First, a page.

More Thoughts on My Article

So the piece is doing well, especially for a weekend, and I really want to use this blog in a more bloggy way from now on. So, a few more thoughts on the piece. First off, I think the first paragraph is throwing people off. I wrote it poorly. On Twitter, Kevin Freeman gets to the crux of the issue:

He’s right. This is the big disagreement. I don’t think religion requires you to suspend critical thinking, and this what that little syllogism gets at. Sam Harris seems to believe that Atheist totalitarian regimes count as religious because religion by definition is the suspension of rationality and critical thinking. Does Aquinas not think deeply and critically? Dante? Augustine? Gandhi? Tagore? Religion does not ipso facto require you to suspend critical thinking.

A lot of people also think that I see NA as a bloc. I don’t. I know they disagree. And although they all misunderstand religion to differing degrees (In order of best to worst: Hitchens, Dennett, Dawkins, Harris) they all share in that misunderstanding. There are also lots of other atheist philosophers out there, but the NAs have made their name for anti-theism. In my opinion, it’s taken away a lot of breath that could have been spent elsewhere. Steve Ollington argues that,

@SeanMcElwee @Salon Hitch very specifically said he didn’t want to abolish religion, disagreeing w/ Dawkins on the matter.

— Steve Ollington (@SteveOllington) December 7, 2013

I think this is a misreading of Hitchens. He clearly believes that religion is a force for evil. If he didn’t want to abolish it, then he is allowing an evil to continue. A big part of his critique of religion, especially Christianity, was a Nietzsche argument that it was too passive, too weak, especially in the face of evil. Obviously, given Jesus’s mission and Bonhoeffer and Wilberforce, this argument is rather absurd. Ollington also thinks I created a straw man. Bullshit. Yes, the first paragraph is overstated for rhetorical flourish. But does anyone who reads NA seriously think they see any redeeming factors here? I mean, watch this video. With the possible exception of the Hitch, they show utter contempt for religious belief. And is anyone going to seriously argue that they aren’t waay too fast to give religion credit for evil that is due to deprivation? That’s my argument in the piece:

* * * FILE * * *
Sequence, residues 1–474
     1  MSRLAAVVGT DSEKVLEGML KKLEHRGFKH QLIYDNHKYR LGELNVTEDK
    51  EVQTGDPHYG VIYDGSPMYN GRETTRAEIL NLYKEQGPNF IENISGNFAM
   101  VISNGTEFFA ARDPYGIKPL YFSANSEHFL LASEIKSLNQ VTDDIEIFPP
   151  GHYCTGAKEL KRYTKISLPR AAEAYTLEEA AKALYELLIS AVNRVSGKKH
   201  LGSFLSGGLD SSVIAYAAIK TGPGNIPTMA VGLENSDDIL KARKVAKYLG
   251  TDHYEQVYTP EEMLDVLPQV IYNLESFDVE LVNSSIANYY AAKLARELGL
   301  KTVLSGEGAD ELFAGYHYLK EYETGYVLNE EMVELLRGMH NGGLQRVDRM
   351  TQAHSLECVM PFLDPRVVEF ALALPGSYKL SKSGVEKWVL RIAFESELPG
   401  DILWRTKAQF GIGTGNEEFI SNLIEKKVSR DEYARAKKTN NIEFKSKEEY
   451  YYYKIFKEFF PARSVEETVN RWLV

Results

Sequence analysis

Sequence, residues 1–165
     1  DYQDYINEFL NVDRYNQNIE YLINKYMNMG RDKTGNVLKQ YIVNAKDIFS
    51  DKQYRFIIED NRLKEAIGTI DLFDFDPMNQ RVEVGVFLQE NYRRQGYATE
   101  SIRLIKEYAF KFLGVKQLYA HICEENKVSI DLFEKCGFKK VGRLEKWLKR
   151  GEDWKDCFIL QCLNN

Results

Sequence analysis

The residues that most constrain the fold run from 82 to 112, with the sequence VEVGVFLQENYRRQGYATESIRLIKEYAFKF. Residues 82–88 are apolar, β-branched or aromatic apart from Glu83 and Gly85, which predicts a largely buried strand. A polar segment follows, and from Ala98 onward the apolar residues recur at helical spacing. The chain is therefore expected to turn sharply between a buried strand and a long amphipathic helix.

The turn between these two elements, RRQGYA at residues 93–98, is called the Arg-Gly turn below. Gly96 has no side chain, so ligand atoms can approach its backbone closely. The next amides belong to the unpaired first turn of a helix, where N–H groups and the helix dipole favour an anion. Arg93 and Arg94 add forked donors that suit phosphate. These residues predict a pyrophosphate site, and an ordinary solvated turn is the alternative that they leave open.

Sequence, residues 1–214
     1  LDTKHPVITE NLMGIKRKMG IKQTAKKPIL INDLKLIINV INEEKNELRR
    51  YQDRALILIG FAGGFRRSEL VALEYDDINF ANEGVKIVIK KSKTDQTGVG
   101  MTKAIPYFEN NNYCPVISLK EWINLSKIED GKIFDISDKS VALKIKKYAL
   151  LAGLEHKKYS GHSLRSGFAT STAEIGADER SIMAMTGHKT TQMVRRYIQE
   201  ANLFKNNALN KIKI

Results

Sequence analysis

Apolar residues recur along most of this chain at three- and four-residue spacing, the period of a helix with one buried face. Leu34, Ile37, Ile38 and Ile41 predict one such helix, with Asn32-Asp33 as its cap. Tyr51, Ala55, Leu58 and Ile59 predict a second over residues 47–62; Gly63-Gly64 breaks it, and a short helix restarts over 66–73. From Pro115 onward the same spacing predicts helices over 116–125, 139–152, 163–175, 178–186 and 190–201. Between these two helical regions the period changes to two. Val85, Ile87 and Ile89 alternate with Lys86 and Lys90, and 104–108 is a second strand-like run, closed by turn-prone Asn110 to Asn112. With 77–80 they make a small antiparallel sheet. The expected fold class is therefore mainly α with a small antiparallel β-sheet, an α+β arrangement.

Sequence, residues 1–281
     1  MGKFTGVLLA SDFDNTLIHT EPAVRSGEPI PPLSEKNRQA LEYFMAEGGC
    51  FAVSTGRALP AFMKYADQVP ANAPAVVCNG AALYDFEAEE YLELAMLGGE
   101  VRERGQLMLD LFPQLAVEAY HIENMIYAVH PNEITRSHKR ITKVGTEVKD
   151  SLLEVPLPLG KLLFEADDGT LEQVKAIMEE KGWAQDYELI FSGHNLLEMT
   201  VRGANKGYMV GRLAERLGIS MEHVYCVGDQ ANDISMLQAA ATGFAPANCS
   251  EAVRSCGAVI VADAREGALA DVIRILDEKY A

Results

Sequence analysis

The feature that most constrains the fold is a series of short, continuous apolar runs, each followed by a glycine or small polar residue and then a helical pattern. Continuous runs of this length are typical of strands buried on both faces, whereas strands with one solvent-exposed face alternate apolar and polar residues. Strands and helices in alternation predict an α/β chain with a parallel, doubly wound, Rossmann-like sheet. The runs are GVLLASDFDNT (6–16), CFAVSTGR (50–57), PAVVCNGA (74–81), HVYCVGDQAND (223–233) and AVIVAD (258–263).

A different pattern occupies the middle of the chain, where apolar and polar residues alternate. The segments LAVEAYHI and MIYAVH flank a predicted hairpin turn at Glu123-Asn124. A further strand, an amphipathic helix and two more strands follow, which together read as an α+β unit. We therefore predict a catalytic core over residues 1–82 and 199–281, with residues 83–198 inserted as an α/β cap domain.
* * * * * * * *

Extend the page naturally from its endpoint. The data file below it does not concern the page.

I have to wonder if Hitchens, Dawkins and Harris truly believe that eliminating religion will also make the Islamic world forget about centuries of colonization and deprivation. Without religion, will everyone living in Pakistan shrug off drone strikes and get on with their lives? If religion motivated 9/11, what motivated Bill Clinton to bomb the Al-Shifa pharmaceutical factory and leave millions of Sudanese people without access to medicine?

Liberals who once believed that the key to understanding hate and violence is deprivation now have embraced the idea that religion is the culprit. Religion is both a personal search for truth as well as a communal attempt to discern where we fit in the order of things. It can also motivate acts of social justice and injustice, but broad popular movements of the sort generally indicate a manipulation of religion, rather than studied reflections on religious doctrine. Shall we blame Jesus, who advocated “turning the other cheek,” for Scott Philip Roeder, or more plausibly his schizophrenia?

Finally, I want to note that I have an incredible respect for Hitchens. He has shaped my economic and political views. I love No One Left to Lie To and The Trials of Henry Kissinger. Get them. Devour them. But that’s what makes his crusade against religion so sad. We lost a lot of time that could have been dedicated to exposing the powerful. We’re losing more awesome books like The Selfish Gene from Dawkins. Religion is consuming their time and energy, which is a damn shame.

I’m waiting for a call from Bill Maher.

One thought on “More Thoughts on My Article

  1. Pingback: Don’t blame religion for poltical violence | The Moderate Voice

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